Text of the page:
This TOD addresses a very straight forward topic. Cleaning and maintaining your vise is an important step that most of us unfortunately neglect more often than not. Mark shows us just how easy it is to get this done and have a little peace of mind about our vise longevity and proper part clamping.

TOD - Mill Soft Jaws (where we show basic cleaning steps)


TOD - How To Square Your Vise


Haas HKDX-6 Vise web page:
https://www.haascnc.com/haas-tooling/mill_workholding/vises/05-0404.html

Kurt DX-6 Vise Operators Manual:
https://2fkp3u2iouqr3w74v5k31xy1-wpengine.netdna-ssl.com/wp-content/uploads/2021/07/2021-DX6-Manual-7-19-21.pdf

Don’t miss any Haas videos. Click here: https://www.haascnc.com/about/Newletter_Signup.html

Need more reasons why you should consider a Haas? Check this out: https://www.haascnc.com/whyhaas.html

If you enjoyed this video, please hit the like button and share it with a friend who’ll find it helpful . . . and thanks!

Follow Haas:
Facebook – https://www.facebook.com/HaasAutomationInc/
Instagram – https://www.instagram.com/haas_automation/
Twitter – https://twitter.com/Haas_Automation/
LinkedIn - https://www.linkedin.com/company/haas-automation/

Code: GEXHKG1DXWIWXIIB
geo1962 : Good video but you missed something about the set screw in the moving jaw. Kurt only uses one set screw in their vises, but I've seen many Kurt clone vises that use two set screws - one inside for adjustment and one outside to lock the inner one. And this is not at all obvious, if you don't know.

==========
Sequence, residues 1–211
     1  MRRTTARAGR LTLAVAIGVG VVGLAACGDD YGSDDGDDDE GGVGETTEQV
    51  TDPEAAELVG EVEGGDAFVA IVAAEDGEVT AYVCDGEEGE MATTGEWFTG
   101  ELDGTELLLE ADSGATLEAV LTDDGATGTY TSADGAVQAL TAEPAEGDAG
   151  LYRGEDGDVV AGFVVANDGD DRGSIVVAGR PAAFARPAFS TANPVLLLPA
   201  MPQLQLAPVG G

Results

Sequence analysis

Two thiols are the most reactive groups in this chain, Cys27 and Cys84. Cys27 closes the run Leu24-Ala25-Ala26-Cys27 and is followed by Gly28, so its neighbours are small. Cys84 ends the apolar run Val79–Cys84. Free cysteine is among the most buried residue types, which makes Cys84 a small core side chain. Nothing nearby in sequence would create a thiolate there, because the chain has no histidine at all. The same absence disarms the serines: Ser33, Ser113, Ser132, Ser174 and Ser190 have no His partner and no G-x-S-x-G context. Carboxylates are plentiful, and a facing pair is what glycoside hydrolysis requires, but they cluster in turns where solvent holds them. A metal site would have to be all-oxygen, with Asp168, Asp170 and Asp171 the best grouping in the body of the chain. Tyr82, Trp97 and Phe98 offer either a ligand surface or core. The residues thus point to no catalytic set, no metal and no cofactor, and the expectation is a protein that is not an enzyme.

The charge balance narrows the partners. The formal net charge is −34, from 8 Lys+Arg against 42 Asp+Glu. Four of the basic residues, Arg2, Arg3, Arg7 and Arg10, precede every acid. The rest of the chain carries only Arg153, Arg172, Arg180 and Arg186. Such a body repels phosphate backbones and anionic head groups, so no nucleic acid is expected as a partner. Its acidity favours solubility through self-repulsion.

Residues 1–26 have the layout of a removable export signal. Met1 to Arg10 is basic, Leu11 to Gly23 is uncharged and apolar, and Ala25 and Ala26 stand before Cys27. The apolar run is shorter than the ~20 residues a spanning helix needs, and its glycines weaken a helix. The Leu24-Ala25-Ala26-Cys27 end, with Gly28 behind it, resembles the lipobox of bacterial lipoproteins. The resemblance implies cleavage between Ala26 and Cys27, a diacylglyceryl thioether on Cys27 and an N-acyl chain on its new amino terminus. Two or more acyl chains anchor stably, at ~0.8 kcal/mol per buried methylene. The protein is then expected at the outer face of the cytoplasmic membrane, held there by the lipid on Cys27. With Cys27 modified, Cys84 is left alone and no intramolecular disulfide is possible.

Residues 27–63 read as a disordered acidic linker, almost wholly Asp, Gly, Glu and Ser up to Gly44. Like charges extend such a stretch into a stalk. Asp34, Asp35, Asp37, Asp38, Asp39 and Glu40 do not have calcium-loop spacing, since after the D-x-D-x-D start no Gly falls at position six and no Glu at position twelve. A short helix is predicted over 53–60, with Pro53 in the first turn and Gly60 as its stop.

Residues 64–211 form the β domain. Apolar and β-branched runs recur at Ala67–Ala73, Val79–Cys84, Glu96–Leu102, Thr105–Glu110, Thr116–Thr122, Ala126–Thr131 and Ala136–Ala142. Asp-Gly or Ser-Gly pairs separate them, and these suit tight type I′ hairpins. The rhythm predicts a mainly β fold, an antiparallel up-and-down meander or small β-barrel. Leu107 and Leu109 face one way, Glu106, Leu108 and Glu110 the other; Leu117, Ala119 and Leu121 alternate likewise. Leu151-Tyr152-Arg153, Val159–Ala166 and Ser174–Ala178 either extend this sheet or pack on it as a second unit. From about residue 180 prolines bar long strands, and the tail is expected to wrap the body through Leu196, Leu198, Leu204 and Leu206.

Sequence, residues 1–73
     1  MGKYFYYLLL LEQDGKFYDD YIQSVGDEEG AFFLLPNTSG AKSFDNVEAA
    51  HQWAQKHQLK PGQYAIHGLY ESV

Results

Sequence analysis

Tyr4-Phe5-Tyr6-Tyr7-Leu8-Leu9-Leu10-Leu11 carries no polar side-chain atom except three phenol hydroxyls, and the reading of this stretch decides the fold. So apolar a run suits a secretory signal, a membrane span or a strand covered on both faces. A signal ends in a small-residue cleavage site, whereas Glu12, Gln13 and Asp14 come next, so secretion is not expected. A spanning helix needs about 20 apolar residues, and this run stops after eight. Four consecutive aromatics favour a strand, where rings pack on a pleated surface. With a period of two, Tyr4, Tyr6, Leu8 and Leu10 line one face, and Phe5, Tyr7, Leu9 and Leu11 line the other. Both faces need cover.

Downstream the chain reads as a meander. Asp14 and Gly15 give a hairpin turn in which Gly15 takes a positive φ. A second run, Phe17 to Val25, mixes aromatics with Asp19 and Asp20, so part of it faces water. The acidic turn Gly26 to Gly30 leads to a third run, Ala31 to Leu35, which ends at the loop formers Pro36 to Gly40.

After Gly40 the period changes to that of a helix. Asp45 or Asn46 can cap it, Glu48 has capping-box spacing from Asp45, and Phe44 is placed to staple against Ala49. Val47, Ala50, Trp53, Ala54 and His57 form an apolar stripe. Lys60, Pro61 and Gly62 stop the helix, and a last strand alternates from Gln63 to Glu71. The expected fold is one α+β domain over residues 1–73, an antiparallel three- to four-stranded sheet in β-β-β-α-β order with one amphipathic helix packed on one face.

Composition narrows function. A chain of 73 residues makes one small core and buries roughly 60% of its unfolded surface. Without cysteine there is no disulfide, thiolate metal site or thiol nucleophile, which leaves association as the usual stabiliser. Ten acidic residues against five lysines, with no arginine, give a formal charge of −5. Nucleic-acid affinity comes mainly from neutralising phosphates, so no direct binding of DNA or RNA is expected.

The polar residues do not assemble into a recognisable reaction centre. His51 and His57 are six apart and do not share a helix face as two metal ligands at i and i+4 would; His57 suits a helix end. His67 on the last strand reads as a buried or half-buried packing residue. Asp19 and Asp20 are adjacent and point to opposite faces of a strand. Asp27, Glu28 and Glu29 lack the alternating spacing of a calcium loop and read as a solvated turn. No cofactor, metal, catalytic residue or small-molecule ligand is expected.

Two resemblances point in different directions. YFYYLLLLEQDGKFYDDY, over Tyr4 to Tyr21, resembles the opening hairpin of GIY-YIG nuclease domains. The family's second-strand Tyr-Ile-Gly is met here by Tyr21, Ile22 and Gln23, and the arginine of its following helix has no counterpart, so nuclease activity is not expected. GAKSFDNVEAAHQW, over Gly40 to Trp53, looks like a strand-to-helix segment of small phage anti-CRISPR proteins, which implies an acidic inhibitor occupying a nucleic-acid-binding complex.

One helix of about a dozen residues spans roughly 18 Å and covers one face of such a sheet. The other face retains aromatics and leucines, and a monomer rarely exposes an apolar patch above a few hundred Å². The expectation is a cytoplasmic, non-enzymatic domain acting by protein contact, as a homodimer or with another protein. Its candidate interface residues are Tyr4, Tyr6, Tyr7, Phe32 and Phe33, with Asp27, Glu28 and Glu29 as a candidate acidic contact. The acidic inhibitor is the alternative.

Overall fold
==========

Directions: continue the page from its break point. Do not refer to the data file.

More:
Also, I would tighten that set screw more than Mark did - I don't want that moving jaw lifting at all, but not so tight that the moving jaw doesn't move smoothly. Thank-you Mark and Haas for these excellent videos.
Thomas Henderson : I could watch Mark take out the rubbish and still find it interesting!
Cole Hawkins : Great video, thanks guys.
Кирилл Орлов-Львовский : Thank you for your new video. Plese, doing russian subtitre.
Felix F : Excellent video. I really need to do this.

Haas VMT-750 Cutting Demo - Haas Automation, Inc.

The Haas VMT-750 vertical mill/turn center combines the rigid structure of our VF-5 vertical machining center with the robust spindle of our ST-15 big-bore turning center to create a versatile multi-tasking center for machining complex parts in a single setup.

Click here to reach the VMT-750 web page: